Physics Help Forum Optics for Research

 Feb 20th 2019, 12:48 AM #1 Junior Member   Join Date: Feb 2019 Posts: 2 Optics for Research I have a light beam with diameter of 1mm and I'm trying to reduce it's diameter to less than 50 micrometers (as shown in the image) I was thinking of using one of the high quality camera zoom lens. Any suggestions, or ideas? Attached Thumbnails   Last edited by kordzaia; Feb 20th 2019 at 12:50 AM.
 Feb 20th 2019, 08:26 AM #2 Senior Member     Join Date: Jun 2016 Location: England Posts: 844 Can we assume you want a focus at a screen in which case the "beam" after the lens can be cone shaped and you select the size of the final spot by moving the screen, The strength of the lens is not critical in this scenario. Scenario 2 you have a fixed distance between the lens and the screen here the strength of the lens is critical, a zoom lens might help Scenario 3 You want a parallel 50 micrometer beam after the lens here you will require a precise arrangement of (at least) 2 lenses, one converging, to bring the beam down to size, the other diverging, to bring the beam back parallel, topsquark likes this. __________________ ~\o/~
 Feb 21st 2019, 01:32 AM #3 Junior Member   Join Date: Feb 2019 Posts: 2 It's scenario 1. it can be cone shaped and I can move the screen. Would you recommend any specific lens?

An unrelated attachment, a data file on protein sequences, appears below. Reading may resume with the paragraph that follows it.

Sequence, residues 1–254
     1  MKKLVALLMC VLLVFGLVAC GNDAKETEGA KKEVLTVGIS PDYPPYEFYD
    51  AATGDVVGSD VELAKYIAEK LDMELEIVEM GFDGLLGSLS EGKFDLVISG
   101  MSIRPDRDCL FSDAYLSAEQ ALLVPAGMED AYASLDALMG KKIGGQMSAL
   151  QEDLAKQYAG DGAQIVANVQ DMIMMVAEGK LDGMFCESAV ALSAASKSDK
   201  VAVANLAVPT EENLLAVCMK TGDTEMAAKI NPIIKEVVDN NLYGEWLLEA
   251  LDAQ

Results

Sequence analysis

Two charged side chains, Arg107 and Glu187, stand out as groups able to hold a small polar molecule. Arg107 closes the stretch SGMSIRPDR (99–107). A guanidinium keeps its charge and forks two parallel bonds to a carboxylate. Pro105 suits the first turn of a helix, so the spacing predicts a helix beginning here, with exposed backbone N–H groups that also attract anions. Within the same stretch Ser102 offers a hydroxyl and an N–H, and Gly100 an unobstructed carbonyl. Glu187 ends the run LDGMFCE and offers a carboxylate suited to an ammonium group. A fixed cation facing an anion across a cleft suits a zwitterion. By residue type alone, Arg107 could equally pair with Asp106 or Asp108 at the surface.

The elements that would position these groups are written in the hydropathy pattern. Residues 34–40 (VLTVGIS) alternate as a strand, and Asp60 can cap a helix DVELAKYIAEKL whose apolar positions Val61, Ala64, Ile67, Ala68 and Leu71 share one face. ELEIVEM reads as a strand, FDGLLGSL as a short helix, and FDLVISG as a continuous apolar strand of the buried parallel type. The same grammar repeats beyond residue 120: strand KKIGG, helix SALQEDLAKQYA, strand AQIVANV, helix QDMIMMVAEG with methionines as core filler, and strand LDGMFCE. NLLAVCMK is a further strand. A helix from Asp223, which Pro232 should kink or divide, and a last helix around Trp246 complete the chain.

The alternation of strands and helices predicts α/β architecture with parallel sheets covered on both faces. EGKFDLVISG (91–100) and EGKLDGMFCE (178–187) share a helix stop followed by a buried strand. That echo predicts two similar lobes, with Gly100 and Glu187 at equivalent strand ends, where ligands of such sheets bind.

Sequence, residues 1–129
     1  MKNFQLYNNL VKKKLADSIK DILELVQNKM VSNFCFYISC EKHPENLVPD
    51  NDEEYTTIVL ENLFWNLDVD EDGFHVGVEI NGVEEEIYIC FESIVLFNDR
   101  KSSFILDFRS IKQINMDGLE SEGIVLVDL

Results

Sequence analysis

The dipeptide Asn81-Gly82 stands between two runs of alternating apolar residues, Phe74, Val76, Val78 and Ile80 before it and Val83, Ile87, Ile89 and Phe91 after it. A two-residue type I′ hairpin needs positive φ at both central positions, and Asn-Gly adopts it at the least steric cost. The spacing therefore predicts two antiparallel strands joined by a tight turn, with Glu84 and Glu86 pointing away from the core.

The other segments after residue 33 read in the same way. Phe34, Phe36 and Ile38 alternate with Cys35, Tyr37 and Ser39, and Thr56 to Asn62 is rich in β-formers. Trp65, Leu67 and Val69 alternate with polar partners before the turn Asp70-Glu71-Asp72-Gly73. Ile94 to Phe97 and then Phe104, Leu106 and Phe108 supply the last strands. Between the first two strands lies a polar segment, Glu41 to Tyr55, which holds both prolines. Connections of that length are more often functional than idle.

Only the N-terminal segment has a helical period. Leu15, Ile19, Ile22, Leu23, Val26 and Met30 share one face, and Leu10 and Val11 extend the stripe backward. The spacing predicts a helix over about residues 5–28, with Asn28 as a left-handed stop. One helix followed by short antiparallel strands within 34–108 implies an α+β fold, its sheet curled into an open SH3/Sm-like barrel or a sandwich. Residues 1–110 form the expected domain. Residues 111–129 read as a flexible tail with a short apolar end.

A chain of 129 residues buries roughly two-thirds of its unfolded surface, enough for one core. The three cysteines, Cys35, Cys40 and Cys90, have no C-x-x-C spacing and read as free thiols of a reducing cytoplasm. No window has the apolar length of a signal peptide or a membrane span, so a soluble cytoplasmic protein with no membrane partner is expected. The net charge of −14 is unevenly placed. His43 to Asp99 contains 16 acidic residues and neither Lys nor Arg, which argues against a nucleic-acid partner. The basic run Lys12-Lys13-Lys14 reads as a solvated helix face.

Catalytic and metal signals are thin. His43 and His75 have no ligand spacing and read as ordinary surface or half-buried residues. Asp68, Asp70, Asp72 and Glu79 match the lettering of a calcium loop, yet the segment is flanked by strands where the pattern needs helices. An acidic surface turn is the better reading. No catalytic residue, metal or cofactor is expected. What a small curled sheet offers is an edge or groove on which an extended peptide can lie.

Feb 21st 2019, 03:52 AM #4 Senior Member     Join Date: Jun 2016 Location: England Posts: 844 The short answer is no. The key point will be the focal length of the lens The focal length tells how far from the lens a parallel beam will be focused to a point. From this and some simple geometry you can work out where the screen must be. You probably have a fair amount of lea-way so any mid-range focal length lens will probably do (not too week, but it does not need to be hugely strong. The only other factor is probably the size (diameter) of the lens. It needs to be bigger than your incoming beam, plus a bit. I would aim for at least double the diameter of the incoming beam, but for your application (incoming beam =1mm) this is unlikely to be an issue. One further thought, is this a laser beam? You have to be very careful focusing even quite low power lasers. at the focus the energy levels can get dangerously intense. __________________ ~\o/~

 Tags cameras, lens, optics, research

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